Rob Ware from Australia send in a Q&A about a request for redress and how to arrive at redress which is fair to all boats.
At the start of an IRC keelboat race, the race officer decided to start the race early as it looked like the wind would die later in the afternoon and so he made an announcement to that effect on the radio. With the exception of one boat, the fleet heard the call over the radio, and started.
One boat, without a radio, did not hear the announcement and arrived at the starting area only to see the fleet already racing, about 10 min up the track in very light air. In an effort to recover from their error, the race committee told the boat to start and took his time across the starting line and, later, at the finishing line. The finishing times of the rest of the fleet were recorded in the normal way.
After the race, the race committee lodged a request for redress on behalf of the 'late starter'.
Redress Hearing No 1.
The protest committee granted redress which was to give the boats - including the late starter, their actual elapsed times, corrected in accordance with their respective TCF's.
As it happened, this gave the late starter a result some 4 minutes ahead of the next boat on corrected time. As a result, he won the race, the final race in the series, and this, in turn, critically altered the overall score of other boats in the race and the series.
Redress Hearing No 2.
The boat displaced from first place in the series, lodged a request for redress, claiming that the protest committee did not properly consider the fairness to all of the competitors.
His argument was that the late starter benefited unfairly from a number of factors including; he effectively got a 'perfect' start; he sailed the whole race in clear air and without interference from other competitors; the bulk of the fleet languished in a 'soft patch' whilst the late starter had a better breeze and, finally, there was a significant wind shift after the start with benefited the late starter.
This was all backed up with wind readings from a nearby weather station, statistics on boat performance, etc. This request for redress was heard by protest committee made up of different people.
The protest committee declined the request for redress on the basis that they could not do anything to correct or overturn the decision of the first protest committee.
- Could the second protest committee have granted redress, effectively altering the initial decision?
- Should they have sent it back to the first protest committee?
- Is there some other process by which the second protest committee could have achieved a result fair to all?
- If you were to accept that the first decision was not fair to all competitors, what redress could be given that more closely meet this criteria?
Well Rob, your questions are about the hardest part of requests for redress. How to get a solution which is most fair (to all boats). The rulebook has only a few guidelines on this subject, the manuals a few more. But because many requests are very unique the solution isn’t a matter of checking off a few suppositions and arriving at a proper compensation.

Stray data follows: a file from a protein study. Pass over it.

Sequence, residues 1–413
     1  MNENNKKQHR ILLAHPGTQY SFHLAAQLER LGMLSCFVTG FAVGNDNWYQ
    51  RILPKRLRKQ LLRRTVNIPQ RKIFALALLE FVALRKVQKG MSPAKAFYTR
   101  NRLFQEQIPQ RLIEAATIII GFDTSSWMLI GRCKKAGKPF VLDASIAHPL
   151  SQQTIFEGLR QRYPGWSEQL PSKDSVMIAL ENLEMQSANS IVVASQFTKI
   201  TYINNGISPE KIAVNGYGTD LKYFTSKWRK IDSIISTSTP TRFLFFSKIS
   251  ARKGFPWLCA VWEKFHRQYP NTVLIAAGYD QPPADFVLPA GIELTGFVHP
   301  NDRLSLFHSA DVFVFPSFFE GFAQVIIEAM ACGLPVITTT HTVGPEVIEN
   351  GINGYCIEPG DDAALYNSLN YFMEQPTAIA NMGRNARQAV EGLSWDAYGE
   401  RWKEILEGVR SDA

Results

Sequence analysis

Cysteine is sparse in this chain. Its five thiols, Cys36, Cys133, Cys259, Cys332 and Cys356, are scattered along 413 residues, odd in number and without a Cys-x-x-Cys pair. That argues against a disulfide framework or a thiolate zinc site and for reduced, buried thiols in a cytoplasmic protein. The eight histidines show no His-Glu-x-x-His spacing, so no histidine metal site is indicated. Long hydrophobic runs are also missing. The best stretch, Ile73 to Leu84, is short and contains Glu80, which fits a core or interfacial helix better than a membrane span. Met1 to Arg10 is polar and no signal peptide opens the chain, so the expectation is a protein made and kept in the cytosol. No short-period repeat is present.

Let me first try to answer your questions:
- Yes, the second PC could have granted redress if they decided that the first decision was not the most fair to all boats.
- Technically it is a new request, not a reopening. The request cannot be made by one of the original parties (one of the changes in RRS 2009-2012) but in effect it will be handled as a reopening. For a reopening the rules state that, a majority of the members of the protest committee, if possible, be members of the original protest committee. A second PC is not required to send it back. I would however try to get as many members of the original PC involved, as possible.
- Other process? No. The 2nd PC has the same options as the first, they can ask anybody or any source to help them. Rule 64.2 specifically states:
“When in doubt about the facts or probable results of any arrangement for the race or series, especially before abandoning the race, the protest committee shall take evidence from appropriate sources.”
If that means asking all boats in the fleet to give their opinion, the PC can do that.
- To absolutely meet a criteria which is ambiguous at best, cannot be done. You can arrive at an approximation, but even then some will be unhappy with the solution. The solution the first PC arrived at, may lack in certain respects, but it at least has the pro that it is a ‘sailed’ result. Not a calculated one from averages.
Perhaps a little more weight should have been given to the fact that the result had such a big impact on the overall score. Like in ISAF Q&A 2007-001, where the redress granted scored the boat in overall first place.
Robert, I can’t give you a clear cut solution. That’s why a PC is made up off more then one person. To get a balance of what is fair. If they also take the time in asking appropriate sources for their evidence and opinion, they have done their job.
By the way, I applaud the quick thinking and the initiative of the Race Committee to request redress in this case. They may have made a mistake, but they did their very best to fix that. Kudos to them!